To celebrate National Bird Day (January 5), we asked world-renowned travel and wildlife photographer John Isaac to share some of his best bird photos!
About John Isaac
Chief photographer at the United Nations for many years, John Isaac came to the U.S. from South India forty years ago. But he still has a special place in his heart for the tigers of his native land, particularly as their numbers dwindle catastrophically. Between visits to photograph India’s big cats (the subject of an upcoming monograph) at India’s National Parks, Isaac also spends a lot of time photographing birds—perhaps his other favorite creature.
It’s not as if Isaac has had a long career in wildlife photography. Until he left the United Nations in the late 1990s, he was essentially a photojournalist. Decades of documenting human degradation, culminating in the Rwandan genocide, finally burned him out—and for the past dozen years the wild creatures of the world have helped him rise from those ashes like that famous bird, the Phoenix.
A puffin clutches its catch at Puffin World Headquarters, Machias Seal Island in Maine. Isaac waited and shot for nearly three hours as the bird went fishing and returned to the same spot.
Indeed, as a wildlife photographer Isaac has the patience of a bird searching for food, waiting for hours if not days to capture his subjects just the way he thinks they should be seen. Other photographers often come and go as Isaac stakes out a wildlife subject, too hurried to wait for just the right moment. And as you’ll see from the photographs in this portfolio of Isaac’s bird imagery, the right moment is often what makes his pictures great.
The other part of the equation, though, is technique. Some photographers refuse to believe that Isaac gets his extraordinary images with an Olympus DSLR rather than a Canon or a Nikon—yet they themselves would tell you that it’s photographers who make photographs, not cameras. The good ones understand both the possibilities and the limitations of photography’s tools, from the ungainliness of super-telephoto lenses to the complexities of Photoshop.
On that count, Isaac, who spent years making color prints in the U.N. darkroom, has taken his printing skills into the digital age—creating extraordinarily rich, detailed images despite the lower-than-typical resolution of his ten-megapixel Olympus E-3 and, now, the 12-megapixel Olympus E-5. And before that he was shooting with the five-megapixel Olympus E-1, a camera that got a bum rap from DSLR photographers, making 15x20 prints that held up beautifully because of his careful craft.
Unfortunately, you won’t get a sense of Isaac’s exquisite prints from this portfolio. You will get a sense, though, of the photographer’s determination to show animals, birds in particular, in their best light. And, like Isaac, you will understand the saving grace of wild creatures.
Set 1: Red-Crowned Cranes
Red-crowned Cranes do mating dances on Hokkaido, Japan's northernmost main island. "I stood in the snow for almost four days, eight hours a day in the same spot, to catch the activity," says Isaac. "It's not just a matter of patience, but you have to be alert since they do the dances for just a few seconds at a time." Isaac was using his Olympus E-5 with a monopod and long lenses; heavy snow made focusing difficult.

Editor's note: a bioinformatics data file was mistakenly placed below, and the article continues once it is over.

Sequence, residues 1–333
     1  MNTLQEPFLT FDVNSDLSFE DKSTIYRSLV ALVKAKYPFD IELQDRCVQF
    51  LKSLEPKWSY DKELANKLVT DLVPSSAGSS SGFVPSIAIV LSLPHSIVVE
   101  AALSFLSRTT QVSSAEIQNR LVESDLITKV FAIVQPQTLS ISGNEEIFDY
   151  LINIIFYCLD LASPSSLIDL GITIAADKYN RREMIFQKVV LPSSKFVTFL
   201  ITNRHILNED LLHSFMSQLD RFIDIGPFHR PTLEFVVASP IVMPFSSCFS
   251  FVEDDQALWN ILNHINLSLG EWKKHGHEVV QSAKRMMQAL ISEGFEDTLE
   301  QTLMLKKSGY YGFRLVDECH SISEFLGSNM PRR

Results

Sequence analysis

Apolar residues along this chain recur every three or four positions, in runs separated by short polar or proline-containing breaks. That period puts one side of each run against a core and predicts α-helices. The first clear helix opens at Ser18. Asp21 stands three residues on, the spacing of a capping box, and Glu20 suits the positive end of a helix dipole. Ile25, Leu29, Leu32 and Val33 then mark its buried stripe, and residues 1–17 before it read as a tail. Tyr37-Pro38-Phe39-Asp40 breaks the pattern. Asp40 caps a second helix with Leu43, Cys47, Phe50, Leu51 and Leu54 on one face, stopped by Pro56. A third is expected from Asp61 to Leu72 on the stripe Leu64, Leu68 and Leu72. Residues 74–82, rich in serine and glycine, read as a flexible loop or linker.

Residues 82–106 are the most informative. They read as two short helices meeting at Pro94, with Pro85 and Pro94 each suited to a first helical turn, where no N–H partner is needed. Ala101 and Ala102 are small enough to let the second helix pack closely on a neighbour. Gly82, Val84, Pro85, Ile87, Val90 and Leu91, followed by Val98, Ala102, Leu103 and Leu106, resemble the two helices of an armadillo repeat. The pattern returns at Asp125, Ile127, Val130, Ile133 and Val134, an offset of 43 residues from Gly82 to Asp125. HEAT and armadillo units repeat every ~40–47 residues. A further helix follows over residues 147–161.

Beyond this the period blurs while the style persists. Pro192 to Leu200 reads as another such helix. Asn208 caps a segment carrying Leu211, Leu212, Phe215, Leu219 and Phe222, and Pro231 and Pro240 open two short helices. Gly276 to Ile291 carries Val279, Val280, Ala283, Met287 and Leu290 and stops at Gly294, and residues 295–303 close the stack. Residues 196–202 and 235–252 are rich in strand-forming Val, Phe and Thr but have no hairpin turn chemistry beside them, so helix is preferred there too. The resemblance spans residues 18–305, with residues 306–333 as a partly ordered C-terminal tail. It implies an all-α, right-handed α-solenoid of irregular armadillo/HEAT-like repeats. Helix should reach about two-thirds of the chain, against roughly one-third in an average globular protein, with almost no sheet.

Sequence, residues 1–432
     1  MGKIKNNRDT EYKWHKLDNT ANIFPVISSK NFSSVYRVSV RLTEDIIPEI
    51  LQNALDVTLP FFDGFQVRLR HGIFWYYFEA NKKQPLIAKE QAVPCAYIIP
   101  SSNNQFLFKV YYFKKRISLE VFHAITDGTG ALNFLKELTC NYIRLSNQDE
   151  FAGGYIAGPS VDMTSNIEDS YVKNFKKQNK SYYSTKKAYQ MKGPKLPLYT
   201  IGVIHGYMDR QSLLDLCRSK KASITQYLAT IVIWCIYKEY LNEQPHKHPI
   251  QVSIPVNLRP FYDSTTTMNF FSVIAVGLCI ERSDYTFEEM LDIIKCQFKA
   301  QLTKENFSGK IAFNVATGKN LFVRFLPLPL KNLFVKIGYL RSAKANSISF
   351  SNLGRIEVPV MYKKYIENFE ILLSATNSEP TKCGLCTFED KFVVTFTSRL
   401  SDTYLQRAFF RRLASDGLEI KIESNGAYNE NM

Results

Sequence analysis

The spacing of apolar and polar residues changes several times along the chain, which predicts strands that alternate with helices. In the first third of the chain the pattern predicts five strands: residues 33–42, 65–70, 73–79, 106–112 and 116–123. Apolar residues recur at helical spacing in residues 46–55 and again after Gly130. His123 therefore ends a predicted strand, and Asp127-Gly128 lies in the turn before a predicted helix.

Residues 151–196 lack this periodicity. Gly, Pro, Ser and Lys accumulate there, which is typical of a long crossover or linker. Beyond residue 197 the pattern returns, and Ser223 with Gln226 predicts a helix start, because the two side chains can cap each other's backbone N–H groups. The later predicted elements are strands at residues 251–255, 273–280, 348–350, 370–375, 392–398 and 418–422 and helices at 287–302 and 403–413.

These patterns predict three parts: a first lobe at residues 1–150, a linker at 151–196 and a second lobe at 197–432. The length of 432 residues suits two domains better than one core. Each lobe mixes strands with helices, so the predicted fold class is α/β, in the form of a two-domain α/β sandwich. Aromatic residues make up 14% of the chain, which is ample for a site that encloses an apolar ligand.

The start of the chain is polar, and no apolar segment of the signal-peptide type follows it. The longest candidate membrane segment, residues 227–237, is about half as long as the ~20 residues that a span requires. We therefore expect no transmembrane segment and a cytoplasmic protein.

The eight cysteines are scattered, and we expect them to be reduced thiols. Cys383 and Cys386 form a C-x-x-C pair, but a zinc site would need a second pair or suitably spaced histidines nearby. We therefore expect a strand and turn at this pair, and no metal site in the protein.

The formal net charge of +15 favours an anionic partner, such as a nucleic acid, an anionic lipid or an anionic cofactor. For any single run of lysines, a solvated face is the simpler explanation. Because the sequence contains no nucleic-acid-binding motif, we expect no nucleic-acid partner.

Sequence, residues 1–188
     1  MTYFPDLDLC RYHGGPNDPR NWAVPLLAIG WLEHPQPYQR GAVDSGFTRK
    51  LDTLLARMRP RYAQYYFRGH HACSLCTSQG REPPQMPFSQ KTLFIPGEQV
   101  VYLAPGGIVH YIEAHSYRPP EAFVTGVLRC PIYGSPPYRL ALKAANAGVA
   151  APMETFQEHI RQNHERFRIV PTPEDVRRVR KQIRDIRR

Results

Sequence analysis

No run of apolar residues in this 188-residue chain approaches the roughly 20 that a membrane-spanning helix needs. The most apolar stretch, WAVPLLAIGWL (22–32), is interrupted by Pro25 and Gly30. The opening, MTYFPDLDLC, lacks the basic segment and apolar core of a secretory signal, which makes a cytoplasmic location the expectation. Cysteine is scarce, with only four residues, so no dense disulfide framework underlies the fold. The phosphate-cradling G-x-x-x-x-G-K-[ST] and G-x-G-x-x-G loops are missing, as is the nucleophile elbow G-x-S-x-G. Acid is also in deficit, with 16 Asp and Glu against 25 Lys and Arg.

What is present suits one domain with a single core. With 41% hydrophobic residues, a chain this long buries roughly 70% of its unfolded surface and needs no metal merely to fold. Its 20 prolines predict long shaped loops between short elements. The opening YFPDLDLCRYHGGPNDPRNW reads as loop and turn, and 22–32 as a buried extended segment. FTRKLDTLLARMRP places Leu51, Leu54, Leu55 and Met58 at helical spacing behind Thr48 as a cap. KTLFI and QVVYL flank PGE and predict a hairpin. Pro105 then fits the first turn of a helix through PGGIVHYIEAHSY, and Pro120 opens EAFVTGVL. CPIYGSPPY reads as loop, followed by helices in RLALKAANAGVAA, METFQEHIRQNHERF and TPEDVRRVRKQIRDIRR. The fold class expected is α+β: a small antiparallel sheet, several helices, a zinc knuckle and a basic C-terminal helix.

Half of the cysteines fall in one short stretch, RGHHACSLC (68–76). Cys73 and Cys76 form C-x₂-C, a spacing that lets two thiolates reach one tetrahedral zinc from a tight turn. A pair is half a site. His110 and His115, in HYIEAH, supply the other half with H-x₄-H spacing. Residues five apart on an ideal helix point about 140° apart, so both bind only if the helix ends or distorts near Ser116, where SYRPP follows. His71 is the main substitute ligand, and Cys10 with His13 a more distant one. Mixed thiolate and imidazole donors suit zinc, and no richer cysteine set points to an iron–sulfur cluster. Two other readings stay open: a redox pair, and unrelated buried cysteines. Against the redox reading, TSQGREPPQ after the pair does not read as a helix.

Set 2: Sandhill Cranes
Sandhill Cranes work and play in New Mexico's Bosque del Apache National Wildlife Refuge. Isaac shot the flying birds when the moon was still out but the sun was coming up, which produced a warm, angled light. He used the Olympus 90-250mm f/2.8 Zuiko Digital zoom on his Olympus E-5. "It's nice to have a long zoom that ranges from the equivalent of 180mm to 500mm," says Isaac.
Set 3: Eagles
American Bald Eagles work their territory near the town of Homer, at the southern tip of Alaska's Kenai Peninsula.
Set 4: A whole menagerie—including the birds in your own back yard!
A bluebird sits patiently for its portrait in a Nashville, Tennessee back yard.
A tiny Ruby-throated Hummingbird sucks nectar next to pollinating bees, hovering in plain sight in a Nashville, Tennessee back yard. Isaac used fill flash at 1/180th second to create an effective combination of sharpness and blur in the bird's fast-flapping wings.
While Isaac was waiting for his beloved tigers to make an appearance in India's Ranthambore National Park, he caught this egret filching frogs from the big cats' watering hole.
A kingfisher earns its name at Dal Lake in the Kashmir region of India. Isaac spent many months photographing the area, determined to show the daily life of people and animals and the beauty of the landscape, rather than the conflict that threatens the state. This body of work is collected in a monograph called The Vale of Kashmir (W. W. Norton).
A barn swallow dries off its wings.
A common grebe seems to be shielding its chick, which insists on peeking around mom to see the photographer.
A Red-crested Crane feeds seeds to its enormous chick in Kenya's Masai Mara National Reserve.
A stork inspects mating frogs at Ranthambore National Park in India. "The stork could eat the single frogs, but the mating ones were too big for it," Isaac recalls. "Afterwards I saw the two frogs here hop out of the pond into the bushes."
A female Osprey soars over Long Island, New York. The sharp-eyed, sharp-billed birds of prey can be found all around John Isaac's New York City-area home.